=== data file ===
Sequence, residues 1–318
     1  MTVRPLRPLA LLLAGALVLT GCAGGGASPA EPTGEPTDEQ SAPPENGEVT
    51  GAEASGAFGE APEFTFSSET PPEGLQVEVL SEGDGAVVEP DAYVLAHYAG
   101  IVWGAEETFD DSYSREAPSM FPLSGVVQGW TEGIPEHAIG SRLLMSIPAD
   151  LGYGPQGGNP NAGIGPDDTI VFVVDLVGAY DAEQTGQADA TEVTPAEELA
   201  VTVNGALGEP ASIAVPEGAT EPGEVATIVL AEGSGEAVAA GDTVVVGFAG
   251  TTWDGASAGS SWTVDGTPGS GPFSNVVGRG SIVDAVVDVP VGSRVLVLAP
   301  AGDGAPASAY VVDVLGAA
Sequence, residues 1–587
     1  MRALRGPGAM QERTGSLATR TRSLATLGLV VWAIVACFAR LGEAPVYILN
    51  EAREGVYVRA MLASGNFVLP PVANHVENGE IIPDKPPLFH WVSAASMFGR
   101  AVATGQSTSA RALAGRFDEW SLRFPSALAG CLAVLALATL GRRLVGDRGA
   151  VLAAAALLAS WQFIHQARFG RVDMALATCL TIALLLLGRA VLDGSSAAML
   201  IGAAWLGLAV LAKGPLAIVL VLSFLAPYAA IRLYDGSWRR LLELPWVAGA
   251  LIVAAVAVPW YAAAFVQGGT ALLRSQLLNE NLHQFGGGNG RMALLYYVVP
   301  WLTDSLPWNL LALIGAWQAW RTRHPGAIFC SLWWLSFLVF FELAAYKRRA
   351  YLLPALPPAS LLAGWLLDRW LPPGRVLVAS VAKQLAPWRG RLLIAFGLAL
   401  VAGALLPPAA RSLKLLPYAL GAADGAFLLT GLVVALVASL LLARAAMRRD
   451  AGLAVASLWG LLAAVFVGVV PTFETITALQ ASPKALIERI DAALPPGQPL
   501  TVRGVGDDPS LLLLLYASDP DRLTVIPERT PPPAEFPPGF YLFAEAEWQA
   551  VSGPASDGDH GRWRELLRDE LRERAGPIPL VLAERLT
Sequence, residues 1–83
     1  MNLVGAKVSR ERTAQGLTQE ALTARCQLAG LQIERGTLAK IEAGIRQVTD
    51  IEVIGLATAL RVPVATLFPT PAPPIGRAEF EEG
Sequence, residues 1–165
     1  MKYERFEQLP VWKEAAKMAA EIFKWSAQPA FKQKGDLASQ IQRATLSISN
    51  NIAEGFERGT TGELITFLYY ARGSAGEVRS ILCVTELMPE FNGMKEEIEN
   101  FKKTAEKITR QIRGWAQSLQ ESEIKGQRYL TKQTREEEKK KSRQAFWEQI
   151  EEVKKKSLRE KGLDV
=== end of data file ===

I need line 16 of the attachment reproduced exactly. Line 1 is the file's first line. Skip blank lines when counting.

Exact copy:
   301  WLTDSLPWNL LALIGAWQAW RTRHPGAIFC SLWWLSFLVF FELAAYKRRA